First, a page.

By Jon Weisman
The 1908 season is the touchstone for Cubs fans, the long-buried Holy Grail signifying the last time that Chicago’s National League team won a World Series.
If you’re a Dodger fan, 1908 is … well, it’s not so magical.
The Brooklyn Superbas, as the franchise was known 108 years ago, lost 101 games while winning only 53. Brooklyn’s overall win total matched the total of two Cubs pitchers, Three-Finger Brown (29-9) and Ed Reulbach (24-7).
But we can’t even have the fun of saying this was the worst team in Dodger history. Because the 1905 Superbas went 48-104, 1908 was only the franchise’s second-worst season. The 1908 Superbas also didn’t finish in last place, as they were underdone by the 49-105 St. Louis Cardinals.
Brooklyn certainly didn’t do much to slow Chicago down in 1908, playing the Cubs 22 times and losing 18. Beginning on July 28, the Superbas lost their final nine games against Chicago, scoring a total of 11 runs in the process.
Brooklyn finished 45 1/2 games behind the Cubs in the NL and was eliminated from the pennant race on September 7 — exactly one full month before the end of the season — when the Boston Braves swept the Superbas in both ends of a doubleheader by identical 1-0 scores.
On that same September 7 date, the Cubs began a 23-4 finish to the season, enabling them to leapfrog the Pirates and Giants for the pennant.
Why was Brooklyn so awful? Because, that’s basically what Brooklyn baseball was. Beginning in 1904, the borough endured 11 consecutive losing seasons, playing worse than .400 ball in five of them. Out of eight NL teams, Brooklyn never finished better than fifth place — not the Superbas, Dodgers nor Robins.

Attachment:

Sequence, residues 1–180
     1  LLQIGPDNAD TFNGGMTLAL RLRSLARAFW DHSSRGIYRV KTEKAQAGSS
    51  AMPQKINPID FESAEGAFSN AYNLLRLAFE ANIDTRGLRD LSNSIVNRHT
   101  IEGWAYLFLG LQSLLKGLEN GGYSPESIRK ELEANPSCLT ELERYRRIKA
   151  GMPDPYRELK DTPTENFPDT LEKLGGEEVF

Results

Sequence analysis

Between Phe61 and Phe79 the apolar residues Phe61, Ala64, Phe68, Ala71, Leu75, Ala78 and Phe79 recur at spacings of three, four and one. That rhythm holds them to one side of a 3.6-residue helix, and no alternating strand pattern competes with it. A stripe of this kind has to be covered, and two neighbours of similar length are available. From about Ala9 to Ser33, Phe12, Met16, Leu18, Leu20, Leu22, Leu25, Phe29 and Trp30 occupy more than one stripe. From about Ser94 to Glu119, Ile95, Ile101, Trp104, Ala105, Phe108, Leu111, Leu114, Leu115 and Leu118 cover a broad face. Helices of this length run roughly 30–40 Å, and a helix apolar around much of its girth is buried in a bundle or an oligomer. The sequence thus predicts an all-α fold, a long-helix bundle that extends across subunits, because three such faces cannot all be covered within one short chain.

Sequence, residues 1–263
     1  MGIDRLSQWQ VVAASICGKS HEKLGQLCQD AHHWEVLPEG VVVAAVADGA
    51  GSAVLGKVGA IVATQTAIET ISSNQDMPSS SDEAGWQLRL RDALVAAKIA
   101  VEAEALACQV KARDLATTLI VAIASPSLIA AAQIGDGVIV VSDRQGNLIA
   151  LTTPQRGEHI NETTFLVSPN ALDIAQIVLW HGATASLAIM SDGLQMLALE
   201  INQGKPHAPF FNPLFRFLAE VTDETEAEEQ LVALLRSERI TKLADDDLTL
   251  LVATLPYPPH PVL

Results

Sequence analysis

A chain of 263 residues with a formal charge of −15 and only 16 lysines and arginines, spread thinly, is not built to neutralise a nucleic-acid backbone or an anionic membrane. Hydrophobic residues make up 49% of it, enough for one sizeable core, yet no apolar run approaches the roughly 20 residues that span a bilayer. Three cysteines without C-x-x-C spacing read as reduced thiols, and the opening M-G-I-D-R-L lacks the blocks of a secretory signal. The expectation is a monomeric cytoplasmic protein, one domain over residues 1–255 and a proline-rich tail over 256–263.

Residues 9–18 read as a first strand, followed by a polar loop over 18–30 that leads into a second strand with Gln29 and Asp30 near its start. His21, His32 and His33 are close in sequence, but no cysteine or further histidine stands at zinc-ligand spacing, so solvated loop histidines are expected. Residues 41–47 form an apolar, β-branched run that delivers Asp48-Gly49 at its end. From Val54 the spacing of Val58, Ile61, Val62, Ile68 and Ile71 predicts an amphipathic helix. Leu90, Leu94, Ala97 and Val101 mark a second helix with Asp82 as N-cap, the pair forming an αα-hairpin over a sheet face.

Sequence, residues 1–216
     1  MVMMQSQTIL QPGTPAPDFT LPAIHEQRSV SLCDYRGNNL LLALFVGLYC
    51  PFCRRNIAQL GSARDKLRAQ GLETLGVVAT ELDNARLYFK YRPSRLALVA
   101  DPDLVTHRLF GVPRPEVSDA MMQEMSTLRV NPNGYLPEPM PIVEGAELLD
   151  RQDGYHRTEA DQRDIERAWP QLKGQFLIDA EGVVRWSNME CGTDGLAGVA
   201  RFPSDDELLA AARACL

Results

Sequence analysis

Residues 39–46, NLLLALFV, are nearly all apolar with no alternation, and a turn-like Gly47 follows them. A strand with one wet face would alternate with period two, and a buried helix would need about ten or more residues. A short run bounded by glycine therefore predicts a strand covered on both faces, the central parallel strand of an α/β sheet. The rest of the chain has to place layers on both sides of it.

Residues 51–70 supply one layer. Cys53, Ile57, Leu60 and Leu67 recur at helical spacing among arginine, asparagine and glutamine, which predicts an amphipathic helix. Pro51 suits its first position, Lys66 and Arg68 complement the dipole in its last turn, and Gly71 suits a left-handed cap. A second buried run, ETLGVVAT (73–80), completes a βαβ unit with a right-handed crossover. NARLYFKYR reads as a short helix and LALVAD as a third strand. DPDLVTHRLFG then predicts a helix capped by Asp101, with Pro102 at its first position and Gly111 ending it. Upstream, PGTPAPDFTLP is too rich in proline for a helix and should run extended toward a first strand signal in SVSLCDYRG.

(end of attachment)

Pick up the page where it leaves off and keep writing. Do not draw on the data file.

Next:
Twitter was a nightmare back then, let me tell you.
More specifically, the 1908 team had exactly one hitter on its roster that was even above average: first baseman Tim Jordan (left), who hit 12 of the team’s 28 home runs in 1908. Jordan would be the last player in franchise history to lead the Major Leagues in homers for 96 years, until Adrian Beltre in 2004.
Only one other Superba, third baseman Tommy Sheehan, had an on-base percentage above .300 in 1908.
On the mound, Brooklyn used a total of eight pitchers to throw 1,369 innings. Take left-hander Jim Pastorius, for example. He had a 2.44 ERA with 16 complete games in 25 starts. He went 4-20.
Brooklyn was more competitive the last year the Cubs went to the World Series, finishing 87-67 and 11 games out of first place in the NL in 1945. The Dodgers also finished third in 1948, when the Cleveland Indians won the Fall Classic. In 1997, the year of Cleveland’s most recent Fall Classic foray, the Dodgers went 88-74, finishing two games behind the Giants in the NL West.
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Two days before the Superbas were eliminated, Nap Rucker pitched a shutout against the Doves. So at least there was that.
The next year, Brooklyn would sign Zack Wheat and things would get progressively better.
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And by shutout, I meant no-hitter. :)
It’s good to know I missed a lot of bad Dodger days in Brooklyn.
And Suberbas and Robins days among other names.
And….. Ebbets Field hadn’t even been built yet. They would have been playing in Washington Park, which seated about 12,000, if memory serves.
Washington Park is pictured at the top of this post.
I thought it was Washington Park but wasn’t certain. Thanks! And I guess we weren’t the Dodgers yet because the need for fans to dodge the trolleys didn’t come about until moving into Charley Ebbets’s pleasure palace!